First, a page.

All I have are his name on my birth certificate and two fuzzy pictures from 1971.
I keep those photos in my copy of David Foster Wallace’s Infinite Jest. I have for years. There’s no significant reason for keeping them in that book. It was probably the thickest book within arm’s reach when I decided to put the pictures in a book to prevent them from curling up.
Because I’ve been listening to D.T. Max’s Every Love Story Is a Ghost Story: A Life of David Foster Wallace, ol’ DFW and Infinite Jest have been top of mind. And then Anonymous decided to take down Go Daddy and in the process half of the Internet. So there I was with three minutes of free time and the random urge to see if my biological father had a Facebook page.
He doesn’t. What he does have is an obituary. He died in 2010, survived by a wife and two beloved cats. There was no mention of children. Just the cats.
So now I’m left in the weird position of mourning a man I’ve never met before. A man who is responsible for my very existence and not much else. I’m also mourning the fact that I’ll never get to meet him and see what that was about. I feel a little like I squandered my opportunity, one I was never entirely sure I wanted to take advantage of.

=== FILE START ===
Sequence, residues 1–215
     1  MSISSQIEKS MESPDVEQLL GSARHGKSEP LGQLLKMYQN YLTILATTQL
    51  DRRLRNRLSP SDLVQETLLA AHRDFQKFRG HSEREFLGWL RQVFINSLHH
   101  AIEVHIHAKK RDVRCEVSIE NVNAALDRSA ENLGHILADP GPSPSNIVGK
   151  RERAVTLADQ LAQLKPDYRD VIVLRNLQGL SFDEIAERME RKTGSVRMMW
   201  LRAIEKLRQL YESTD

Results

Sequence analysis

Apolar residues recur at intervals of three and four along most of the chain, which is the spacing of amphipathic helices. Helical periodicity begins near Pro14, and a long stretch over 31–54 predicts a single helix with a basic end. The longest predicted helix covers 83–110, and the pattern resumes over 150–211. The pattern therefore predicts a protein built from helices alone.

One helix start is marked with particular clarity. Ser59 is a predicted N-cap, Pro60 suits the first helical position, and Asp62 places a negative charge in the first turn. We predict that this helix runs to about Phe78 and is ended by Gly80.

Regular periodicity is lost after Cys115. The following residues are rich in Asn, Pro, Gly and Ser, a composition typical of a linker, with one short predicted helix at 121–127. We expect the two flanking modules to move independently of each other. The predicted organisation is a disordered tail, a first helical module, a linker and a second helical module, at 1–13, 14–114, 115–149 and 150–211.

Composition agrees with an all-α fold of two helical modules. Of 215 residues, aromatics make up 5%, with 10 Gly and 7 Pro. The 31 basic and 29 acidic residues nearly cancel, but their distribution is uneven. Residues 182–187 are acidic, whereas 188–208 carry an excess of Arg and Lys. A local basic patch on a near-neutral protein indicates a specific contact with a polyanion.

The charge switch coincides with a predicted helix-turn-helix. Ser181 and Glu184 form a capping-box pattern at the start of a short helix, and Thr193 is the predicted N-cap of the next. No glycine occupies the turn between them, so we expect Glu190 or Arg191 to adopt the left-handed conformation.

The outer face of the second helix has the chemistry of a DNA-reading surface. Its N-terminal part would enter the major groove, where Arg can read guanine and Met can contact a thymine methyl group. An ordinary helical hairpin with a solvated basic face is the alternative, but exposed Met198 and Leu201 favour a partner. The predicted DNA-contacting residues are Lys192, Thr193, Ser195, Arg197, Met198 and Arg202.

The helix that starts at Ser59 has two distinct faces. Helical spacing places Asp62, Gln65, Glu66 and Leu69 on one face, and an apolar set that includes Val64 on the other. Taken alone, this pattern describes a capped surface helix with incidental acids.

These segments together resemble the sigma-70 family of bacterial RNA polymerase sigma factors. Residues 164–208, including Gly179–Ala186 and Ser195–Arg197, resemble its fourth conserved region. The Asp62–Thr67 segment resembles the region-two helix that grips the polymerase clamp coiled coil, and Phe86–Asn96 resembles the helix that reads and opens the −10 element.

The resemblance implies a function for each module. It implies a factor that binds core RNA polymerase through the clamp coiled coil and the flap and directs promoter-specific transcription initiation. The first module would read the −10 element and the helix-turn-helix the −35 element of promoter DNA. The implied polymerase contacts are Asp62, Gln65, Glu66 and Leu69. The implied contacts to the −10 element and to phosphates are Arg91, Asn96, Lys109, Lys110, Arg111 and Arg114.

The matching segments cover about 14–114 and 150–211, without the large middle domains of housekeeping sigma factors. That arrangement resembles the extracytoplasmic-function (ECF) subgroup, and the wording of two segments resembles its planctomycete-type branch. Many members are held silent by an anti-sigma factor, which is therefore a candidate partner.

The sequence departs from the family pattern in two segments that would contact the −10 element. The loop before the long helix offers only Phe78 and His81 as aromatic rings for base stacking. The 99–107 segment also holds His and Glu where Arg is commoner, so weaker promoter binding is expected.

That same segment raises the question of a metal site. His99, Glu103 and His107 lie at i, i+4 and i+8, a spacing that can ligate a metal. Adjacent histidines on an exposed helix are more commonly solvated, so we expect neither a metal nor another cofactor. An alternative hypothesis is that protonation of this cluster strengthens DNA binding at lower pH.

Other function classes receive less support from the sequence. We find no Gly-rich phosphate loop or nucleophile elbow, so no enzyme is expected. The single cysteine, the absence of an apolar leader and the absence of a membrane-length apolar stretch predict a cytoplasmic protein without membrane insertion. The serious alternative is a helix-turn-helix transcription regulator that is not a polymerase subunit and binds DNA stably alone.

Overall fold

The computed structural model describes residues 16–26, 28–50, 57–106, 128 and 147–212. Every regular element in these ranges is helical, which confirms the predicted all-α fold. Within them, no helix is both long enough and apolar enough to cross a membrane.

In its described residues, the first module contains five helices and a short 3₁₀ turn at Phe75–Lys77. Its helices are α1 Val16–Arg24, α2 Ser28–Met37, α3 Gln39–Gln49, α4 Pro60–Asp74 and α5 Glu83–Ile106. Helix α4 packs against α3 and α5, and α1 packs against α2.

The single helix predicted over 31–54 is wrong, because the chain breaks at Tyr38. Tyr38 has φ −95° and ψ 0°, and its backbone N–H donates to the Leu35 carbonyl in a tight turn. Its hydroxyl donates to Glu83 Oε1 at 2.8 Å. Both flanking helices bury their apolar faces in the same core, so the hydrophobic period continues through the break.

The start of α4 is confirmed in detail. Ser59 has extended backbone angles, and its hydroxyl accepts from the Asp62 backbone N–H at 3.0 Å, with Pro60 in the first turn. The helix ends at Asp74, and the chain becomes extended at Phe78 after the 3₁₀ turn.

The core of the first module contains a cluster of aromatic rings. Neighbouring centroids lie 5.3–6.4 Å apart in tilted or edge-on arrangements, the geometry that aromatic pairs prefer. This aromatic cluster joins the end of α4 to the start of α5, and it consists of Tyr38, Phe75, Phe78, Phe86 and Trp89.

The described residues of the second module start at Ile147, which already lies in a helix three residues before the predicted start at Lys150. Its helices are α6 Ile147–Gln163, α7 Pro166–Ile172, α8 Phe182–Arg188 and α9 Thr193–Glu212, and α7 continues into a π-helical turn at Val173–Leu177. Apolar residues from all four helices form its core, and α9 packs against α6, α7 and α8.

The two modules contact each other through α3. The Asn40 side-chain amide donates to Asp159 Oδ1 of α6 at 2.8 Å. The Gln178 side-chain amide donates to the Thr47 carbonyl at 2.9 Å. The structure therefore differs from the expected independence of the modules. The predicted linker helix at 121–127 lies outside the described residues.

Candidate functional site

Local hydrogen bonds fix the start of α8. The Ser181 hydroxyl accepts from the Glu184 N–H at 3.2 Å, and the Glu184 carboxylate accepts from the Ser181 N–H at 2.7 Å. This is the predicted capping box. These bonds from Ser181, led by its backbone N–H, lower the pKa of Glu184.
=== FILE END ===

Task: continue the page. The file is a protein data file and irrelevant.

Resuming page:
I didn’t seek him out for a thousand different reasons. I could never really define what I wanted out of meeting him and I could never quite imagine how I would handle it if he denied me. My daddy issues are legion and the thought of adding to them did not appeal to me. Plus, the people I know who were adopted as kids had really bad experiences with meeting biological parents. All of them. Granted it’s only three or four people, but still. . . it was enough to let my fear keep me from seeking him out.
And now I can’t and that makes me sad. The whole fucking thing makes me sad and a little angry, but mostly really weird. I kind of wish I hadn’t ever typed his name into Google this afternoon. Ignorance really is bliss, darling ones.